GE Additive business to sell 3D printing machines

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GE Additive business to sell 3D printing machines

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General Electric Co. announced its GE Additive business will collaborate with GE Capital to sell and finance metal additive machines, also known as 3D printing machines.

The business move will give manufacturing companies access to 3D printing technology, spurring growth for medical, aerospace, automotive and machining markets. GE Capital will develop customized financial solutions for customers interested in the machines.

“Our dual expertise both in manufacturing and in equipment finance, allows us to create competitive financial solutions that support our customers’ strategic business goals,” said Trevor Schauenberg, president and CEO of GE Capital Industrial Finance. “Additive manufacturing is a key contributor to the manufacturing evolution.”

GE invested $1.5 billion in advanced manufacturing and additive technologies, and also recently announced it has acquired a 75 percent stake in Concept Laser GmbH and 76 percent of the share in Arcam AB.

Both companies are producers of metal additive machines. The two suppliers will report to David Joyce, the president and CEO of GE Aviation. Joyce will lead the growth of these businesses in the additive manufacturing equipment and services industry, according to a company news release.

“Additive manufacturing is the new revolution, changing the way we design and manufacture products faster, more sophisticated and more cost efficient,” said Mohammad Ehteshami, vice president for Additive Integration at GE Additive. “By partnering with GE Capital, we’re now able to democratize additive manufacturing, making it easier for businesses to buy additive machines, fostering their competitiveness and accelerating the adoption rate.”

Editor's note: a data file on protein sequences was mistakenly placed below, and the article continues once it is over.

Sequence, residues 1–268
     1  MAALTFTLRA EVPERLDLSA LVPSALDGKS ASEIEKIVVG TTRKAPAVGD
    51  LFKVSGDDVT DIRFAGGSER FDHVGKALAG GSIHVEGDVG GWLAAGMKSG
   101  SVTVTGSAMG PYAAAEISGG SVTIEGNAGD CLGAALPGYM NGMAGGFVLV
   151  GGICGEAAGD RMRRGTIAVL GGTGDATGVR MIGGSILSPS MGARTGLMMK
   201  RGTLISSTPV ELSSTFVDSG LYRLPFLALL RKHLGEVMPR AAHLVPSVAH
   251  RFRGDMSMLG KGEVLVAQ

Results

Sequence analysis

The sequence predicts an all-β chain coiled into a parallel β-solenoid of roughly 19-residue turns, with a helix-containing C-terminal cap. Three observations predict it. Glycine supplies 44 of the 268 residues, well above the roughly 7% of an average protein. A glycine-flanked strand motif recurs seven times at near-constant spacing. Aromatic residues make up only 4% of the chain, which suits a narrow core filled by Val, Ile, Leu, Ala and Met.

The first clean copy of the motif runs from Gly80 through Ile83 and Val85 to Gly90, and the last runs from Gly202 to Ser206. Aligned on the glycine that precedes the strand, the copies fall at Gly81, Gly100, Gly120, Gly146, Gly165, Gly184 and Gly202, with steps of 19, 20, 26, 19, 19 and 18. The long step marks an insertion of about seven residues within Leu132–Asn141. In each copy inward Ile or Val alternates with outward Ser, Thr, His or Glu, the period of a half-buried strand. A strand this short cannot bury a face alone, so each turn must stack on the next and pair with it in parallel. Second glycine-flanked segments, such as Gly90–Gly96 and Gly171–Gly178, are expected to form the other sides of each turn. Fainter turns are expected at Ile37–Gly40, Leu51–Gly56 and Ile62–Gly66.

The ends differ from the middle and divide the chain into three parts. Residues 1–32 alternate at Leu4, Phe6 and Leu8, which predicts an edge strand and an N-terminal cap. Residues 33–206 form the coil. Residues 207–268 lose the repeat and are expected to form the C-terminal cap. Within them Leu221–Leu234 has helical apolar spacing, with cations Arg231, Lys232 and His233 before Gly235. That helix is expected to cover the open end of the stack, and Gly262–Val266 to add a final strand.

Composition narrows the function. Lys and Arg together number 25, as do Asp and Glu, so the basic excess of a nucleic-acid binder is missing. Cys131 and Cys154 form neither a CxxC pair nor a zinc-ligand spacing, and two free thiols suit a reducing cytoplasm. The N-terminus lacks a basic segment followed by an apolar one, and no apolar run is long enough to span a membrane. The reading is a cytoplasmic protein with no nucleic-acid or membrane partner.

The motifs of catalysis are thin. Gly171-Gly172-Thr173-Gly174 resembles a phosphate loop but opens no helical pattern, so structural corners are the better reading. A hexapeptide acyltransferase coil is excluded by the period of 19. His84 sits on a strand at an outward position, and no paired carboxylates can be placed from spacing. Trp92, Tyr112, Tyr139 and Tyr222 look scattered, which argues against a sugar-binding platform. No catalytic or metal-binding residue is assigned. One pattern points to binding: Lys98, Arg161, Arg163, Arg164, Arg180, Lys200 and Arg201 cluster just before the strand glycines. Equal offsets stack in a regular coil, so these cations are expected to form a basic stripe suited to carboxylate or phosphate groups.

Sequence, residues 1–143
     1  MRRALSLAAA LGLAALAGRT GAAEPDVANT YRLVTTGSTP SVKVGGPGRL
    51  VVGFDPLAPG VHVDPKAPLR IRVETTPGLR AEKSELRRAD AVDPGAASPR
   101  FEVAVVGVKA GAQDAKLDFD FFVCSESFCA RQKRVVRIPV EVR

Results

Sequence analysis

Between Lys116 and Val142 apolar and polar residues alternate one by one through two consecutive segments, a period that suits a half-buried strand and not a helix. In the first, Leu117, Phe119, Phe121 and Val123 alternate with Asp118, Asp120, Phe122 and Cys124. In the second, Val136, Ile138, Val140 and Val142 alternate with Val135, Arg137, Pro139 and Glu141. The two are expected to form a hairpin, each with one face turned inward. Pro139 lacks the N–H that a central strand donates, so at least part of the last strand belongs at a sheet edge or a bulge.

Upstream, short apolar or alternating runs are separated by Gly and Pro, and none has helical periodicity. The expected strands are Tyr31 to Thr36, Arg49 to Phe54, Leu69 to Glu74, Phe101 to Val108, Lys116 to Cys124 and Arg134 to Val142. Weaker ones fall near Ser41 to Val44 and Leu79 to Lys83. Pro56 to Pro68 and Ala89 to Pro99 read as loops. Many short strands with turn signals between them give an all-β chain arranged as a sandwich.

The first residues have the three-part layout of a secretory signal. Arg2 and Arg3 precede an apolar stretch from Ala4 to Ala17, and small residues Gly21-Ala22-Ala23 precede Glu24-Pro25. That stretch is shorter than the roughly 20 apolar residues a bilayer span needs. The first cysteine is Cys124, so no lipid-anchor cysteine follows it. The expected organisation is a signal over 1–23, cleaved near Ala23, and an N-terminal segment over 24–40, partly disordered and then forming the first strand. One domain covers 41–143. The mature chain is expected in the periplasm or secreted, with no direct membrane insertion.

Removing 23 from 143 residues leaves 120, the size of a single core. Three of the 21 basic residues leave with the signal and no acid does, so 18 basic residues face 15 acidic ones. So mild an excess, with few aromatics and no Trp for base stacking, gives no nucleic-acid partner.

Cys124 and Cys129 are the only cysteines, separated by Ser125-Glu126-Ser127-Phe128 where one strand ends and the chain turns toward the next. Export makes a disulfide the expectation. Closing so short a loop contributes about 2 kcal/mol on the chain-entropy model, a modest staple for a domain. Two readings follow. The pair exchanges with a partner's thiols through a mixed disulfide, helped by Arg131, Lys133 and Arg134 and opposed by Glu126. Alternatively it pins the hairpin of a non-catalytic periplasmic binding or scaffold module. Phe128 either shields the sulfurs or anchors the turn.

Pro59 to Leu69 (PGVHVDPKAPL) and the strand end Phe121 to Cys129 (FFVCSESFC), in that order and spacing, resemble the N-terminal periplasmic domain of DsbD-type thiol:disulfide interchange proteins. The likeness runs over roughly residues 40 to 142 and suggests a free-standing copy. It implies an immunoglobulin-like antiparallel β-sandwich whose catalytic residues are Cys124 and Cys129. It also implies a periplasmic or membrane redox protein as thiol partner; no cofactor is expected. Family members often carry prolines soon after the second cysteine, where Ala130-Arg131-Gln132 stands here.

GE expects to grow the new additive business to $1 billion by 2020, and also expects $3 billion to $5 billion of product cost-out across the company over the next 10 years.

In July, GE Aviation — headquartered in Evendale near Cincinnati — introduced its first additive jet engine component into airline services. The jet component is a “complex fuel nozzle interior,” which works within the LEAP jet engine.

GE Aviation is Ohio’s largest manufacturing employer, according to state records. GE anchors an aerospace parts manufacturing industry that employs thousands in the region, including two locations in Dayton.

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